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Posts Tagged "insurance companies"

Florida Supreme Court Declares Medical Malpractice Wrongful Death Caps Unconstitutional

Posted by on Mar 27, 2014 in Medical Malpractice

Florida Supreme Court Declares Medical Malpractice Wrongful Death Caps Unconstitutional

In 2005, the Florida Legislature capitulated to the demands (and political donations) of the medical malpractice insurance industry and passed a law capping non-economic damages for surviving family members of anyone killed in Florida as a result of medical malpractice. In 2006, Michelle McCall was a young mother who tragically died as the result of the malpractice of several Air Force physicians during childbirth in the Florida panhandle.  Ms. McCall left behind a son, and her two parents.  The trial court that heard that case found the evidence in the case warranted an award of $500,000.00 to Ms. McCall’s surviving son for his pain and suffering, and $750,000.00 to each of her parents for theirs. However, because of Florida’s cap on damages passed the year before, the trial court was obligated to reduce the award to an aggregate of $1 million to be divided between the child and parents.  Had Ms. McCall had additional children, each of their claims would require a further division of the $1 million aggregate cap. Ms. McCall’s case (McCall v. United States) finally made it to the Florida Supreme Court last year.  Just last week, the Florida Supreme Court decided that the caps on damages in medical malpractice wrongful death cases were unconstitutional.  The Court reasoned that the caps were violative of the Equal Protection Clause of the Florida Constitution. The Court determined that the caps imposed an unfair and illogical burden on large families because each family member of a large family would automatically receive less compensation than members of small families — everything else being equal — because of the caps, regardless of the evidence of loss. Additionally, the Florida Supreme Court found that there really was no “crisis” or any other real or rational relationship between caps on non-economic damages and the health of the Florida medical industry.  Therefore, there was really no good policy reason to have caps on non-economic damages in wrongful death medical malpractice cases.  This is a good decision for anyone who has lost a family member in a medical negligence case. If you have any questions regarding caps on damages, or a Florida medical malpractice case, call Winter Park medical malpractice attorneys Kim Cullen and Robert Hemphill at...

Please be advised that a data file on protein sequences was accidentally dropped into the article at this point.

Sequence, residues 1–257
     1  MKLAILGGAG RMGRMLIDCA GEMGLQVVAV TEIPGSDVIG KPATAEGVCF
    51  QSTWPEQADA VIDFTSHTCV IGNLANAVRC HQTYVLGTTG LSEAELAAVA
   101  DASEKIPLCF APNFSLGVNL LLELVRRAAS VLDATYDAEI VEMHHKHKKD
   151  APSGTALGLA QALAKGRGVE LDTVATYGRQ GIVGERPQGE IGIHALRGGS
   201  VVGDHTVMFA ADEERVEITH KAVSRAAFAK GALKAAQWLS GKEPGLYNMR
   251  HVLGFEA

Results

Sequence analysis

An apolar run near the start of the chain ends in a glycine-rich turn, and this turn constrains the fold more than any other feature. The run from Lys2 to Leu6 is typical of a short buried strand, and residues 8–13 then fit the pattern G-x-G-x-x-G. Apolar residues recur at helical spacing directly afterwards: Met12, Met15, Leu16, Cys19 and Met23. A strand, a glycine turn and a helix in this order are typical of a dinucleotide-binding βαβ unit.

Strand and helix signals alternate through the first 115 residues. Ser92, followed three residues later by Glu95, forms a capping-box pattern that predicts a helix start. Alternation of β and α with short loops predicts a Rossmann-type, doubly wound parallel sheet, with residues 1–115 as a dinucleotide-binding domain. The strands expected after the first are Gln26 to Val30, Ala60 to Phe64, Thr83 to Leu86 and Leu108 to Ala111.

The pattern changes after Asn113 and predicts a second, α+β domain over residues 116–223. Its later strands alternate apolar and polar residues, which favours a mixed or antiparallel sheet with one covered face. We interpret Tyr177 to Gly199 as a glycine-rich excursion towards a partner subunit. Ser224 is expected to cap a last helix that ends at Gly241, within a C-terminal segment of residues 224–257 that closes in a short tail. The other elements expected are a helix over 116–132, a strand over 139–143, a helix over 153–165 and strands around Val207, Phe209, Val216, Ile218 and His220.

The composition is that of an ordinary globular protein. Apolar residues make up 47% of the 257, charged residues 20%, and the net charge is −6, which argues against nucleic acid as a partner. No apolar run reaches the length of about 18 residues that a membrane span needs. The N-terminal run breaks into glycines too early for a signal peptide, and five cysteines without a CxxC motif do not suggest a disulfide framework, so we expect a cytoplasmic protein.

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Tragic Florida Wrongful Death Crash Highlights Difficulty In Computing Future Wage Loss

Posted by on Feb 17, 2014 in Motorcycle Accidents, Types of Accidents, Uncategorized, Wrongful Death Claims

Tragic Florida Wrongful Death Crash Highlights Difficulty In Computing Future Wage Loss

I was so saddened to read in the Orlando Sentinel about a devastating head-on crash that occurred on Interstate 275 in Tampa last weekend. Apparently the driver of a white Ford SUV was traveling at an extremely high rate of speed in the wrong direction on I-275 near the Busch Boulevard exit, which is in the vicinity of the University of South Florida.  Traveling in the correct direction on the highway was a 2010 Hyundai which contained four students from USF, including the driver, Freedom High School graduate and Orlando native, Jobin Kuriakose. The students were all members of the Sigma Beta Rho fraternity at USF, where Mr. Kuriakose was apparently referred to as “Brother Ambition.” My first thought after reading about this crash is, obviously, how tragic this is.  I am the parent of a high school senior who is about to go away to college, and the thought of losing him at such a young age, before his life has really begun, is horrifying. Professionally, as an Orlando accident attorney, a case like this one reminds me how difficult the issue of future wage loss often is in serious personal injury and wrongful death cases. For example, under the Florida Wrongful Death Act, Mr. Kuriakose’s surviving family members would be entitled to recover the lost net accumulations and/or loss of support and services that Mr. Kuriakose would have likely generated in the future. The difficulty arises in trying to determine this loss when someone Mr. Kuriakose’s age perishes in an accident. After all, he is a college student, and likely has little earnings history. Therefore, expert testimony is often required to analyze and attempt to predict what the decedent would have earned if not prematurely killed. Insurance companies often hire expert to say that this is merely speculative.  Oftentimes, this issue is left for a jury to decide, which is inherently unpredictable. Plainly, this issue is very difficult for families. If you should have any questions regarding a Florida Wrongful Death case, or the issue of future lost wages as they pertain to a personal injury or wrongful death case, please call Winter Park personal injury attorneys Kim Cullen and Robert Hemphill at 407-254-4901. Consultations are always...

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